Business Intelligence Solutions Company – All businesses operate on data: information generated from many sources inside and outside of your company. And these data feeds serve as a pair of eyes for executives, providing them with analytical insights into what’s happening with the business and the market. Consequently, any misconception, inaccuracy or lack of information can lead to a distorted view of the market situation, as well as internal operations, followed by bad decisions.
Making data-driven decisions requires a 360° view of all aspects of your business, even those you didn’t think of. But how do you turn unstructured chunks of data into something useful? The answer is business intelligence.
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We have already discussed the machine learning strategy. In this article, we’ll take a look at the actual steps to bring business intelligence into your existing corporate infrastructure. You will learn how to set up a business intelligence strategy and integrate tools into your company’s workflow.
What Is Business Analytics And Why You Need It For Success
Let’s start with a definition: Business intelligence, or BI, is a set of practices for collecting, structuring, analyzing, and turning raw data into actionable business insights. BI considers methods and tools that transform unstructured data sets, compiling them into easy-to-understand reports or dashboards. The primary goal of BI is to provide actionable business insights and support data-driven decision making.
Most of the BI implementation is the use of actual tools that do the data processing. Different tools and technologies form a business intelligence infrastructure. Most often, the infrastructure includes the following technologies that cover data storage, processing, and reporting:
Business intelligence is a technology-driven process that relies heavily on input. The technologies used in BI to transform unstructured or semi-structured data can also be used for data mining, as well as being front-end tools for working with big data.
. This type of data processing is also called descriptive analysis. With the help of descriptive analysis, companies can study the market conditions of their industry, as well as their internal processes. Historical data overview helps to find a company’s pain points and opportunities.
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Based on processing data from past events. Instead of producing summaries of historical events, predictive analytics makes forecasts about future business trends. Those predictions are based on analysis of past events. Therefore, both BI and predictive analytics can use the same techniques to process data. To some extent, predictive analytics can be considered the next stage of business intelligence. Learn more in our article on analytics maturity models.
Prescriptive analytics is the third type that aims to find solutions to business problems and suggests the actions to solve them. Currently, prescriptive analytics is available through advanced BI tools, but the entire area has yet to be developed to a reliable level.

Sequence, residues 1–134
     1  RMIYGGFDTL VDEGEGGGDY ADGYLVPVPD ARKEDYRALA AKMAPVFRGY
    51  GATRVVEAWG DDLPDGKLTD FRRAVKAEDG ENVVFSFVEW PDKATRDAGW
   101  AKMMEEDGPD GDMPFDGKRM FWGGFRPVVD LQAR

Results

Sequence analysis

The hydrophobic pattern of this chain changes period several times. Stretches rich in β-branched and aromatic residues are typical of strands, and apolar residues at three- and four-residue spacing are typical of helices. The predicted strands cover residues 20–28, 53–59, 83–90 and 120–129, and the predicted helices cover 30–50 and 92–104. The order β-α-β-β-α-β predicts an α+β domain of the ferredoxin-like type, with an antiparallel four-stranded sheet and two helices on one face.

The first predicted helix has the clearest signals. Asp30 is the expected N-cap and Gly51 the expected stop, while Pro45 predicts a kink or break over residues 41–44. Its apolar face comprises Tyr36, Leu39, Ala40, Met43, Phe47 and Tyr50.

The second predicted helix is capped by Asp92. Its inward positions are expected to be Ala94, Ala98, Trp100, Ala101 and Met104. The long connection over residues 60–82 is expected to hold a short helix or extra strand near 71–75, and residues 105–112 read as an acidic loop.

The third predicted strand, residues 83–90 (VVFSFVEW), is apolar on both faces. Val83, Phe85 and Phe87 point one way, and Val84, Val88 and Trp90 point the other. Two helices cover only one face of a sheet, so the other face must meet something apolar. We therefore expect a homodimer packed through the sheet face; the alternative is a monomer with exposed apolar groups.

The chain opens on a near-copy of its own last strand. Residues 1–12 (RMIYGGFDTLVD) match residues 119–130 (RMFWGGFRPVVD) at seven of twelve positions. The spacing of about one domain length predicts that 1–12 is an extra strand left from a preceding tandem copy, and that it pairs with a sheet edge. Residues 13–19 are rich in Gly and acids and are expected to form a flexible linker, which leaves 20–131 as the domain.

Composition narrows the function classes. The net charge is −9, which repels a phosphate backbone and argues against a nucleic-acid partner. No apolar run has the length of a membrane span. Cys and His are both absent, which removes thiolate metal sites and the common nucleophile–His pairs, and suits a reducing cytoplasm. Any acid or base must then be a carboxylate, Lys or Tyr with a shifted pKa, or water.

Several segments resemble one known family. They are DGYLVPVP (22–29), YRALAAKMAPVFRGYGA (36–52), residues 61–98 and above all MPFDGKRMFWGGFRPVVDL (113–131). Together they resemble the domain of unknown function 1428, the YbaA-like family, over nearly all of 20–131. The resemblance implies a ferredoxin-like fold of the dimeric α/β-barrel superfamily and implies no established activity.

This is the point, when we start talking about the actual integration of BI tools in your organization. The entire process can be broken down into the introduction of business intelligence as a concept to your company’s employees and the actual integration of tools and applications. In the following sections, we’ll take a look at the key points of integrating BI into your business and cover some pitfalls.
Let’s start with the basics. To start using business intelligence in your organization, first and foremost, explain what BI means to all stakeholders. Depending on the size of your organization, the term frames may vary. Mutual understanding is vital here because employees from various departments will be involved in data processing. So make sure everyone is on the same page and don’t confuse business intelligence with predictive analytics.
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Another purpose of this phase is to introduce the concept of BI to the key people who will be involved in data management. You’ll need to define the actual problem you want to work on, establish KPIs, and organize the specialists needed to launch your business intelligence initiative.
It is important to mention that at this stage, technically, you will make assumptions about the data sources and the standards in place to control the flow of data. You will be able to verify your assumptions and specify your data workflow in later stages. That’s why you need to be ready to change your data sourcing channels and team lineup.
The first big step after aligning the vision would be to define what problem or group of problems you are going to solve with the help of business intelligence. Setting goals will help you determine other high-level metrics for BI, such as:
Along with goals, at that stage, you’ll need to think about possible KPIs and evaluation metrics to see how the task is accomplished. They can be financial constraints (budget applied to development) or performance indicators such as query speed or report error rate.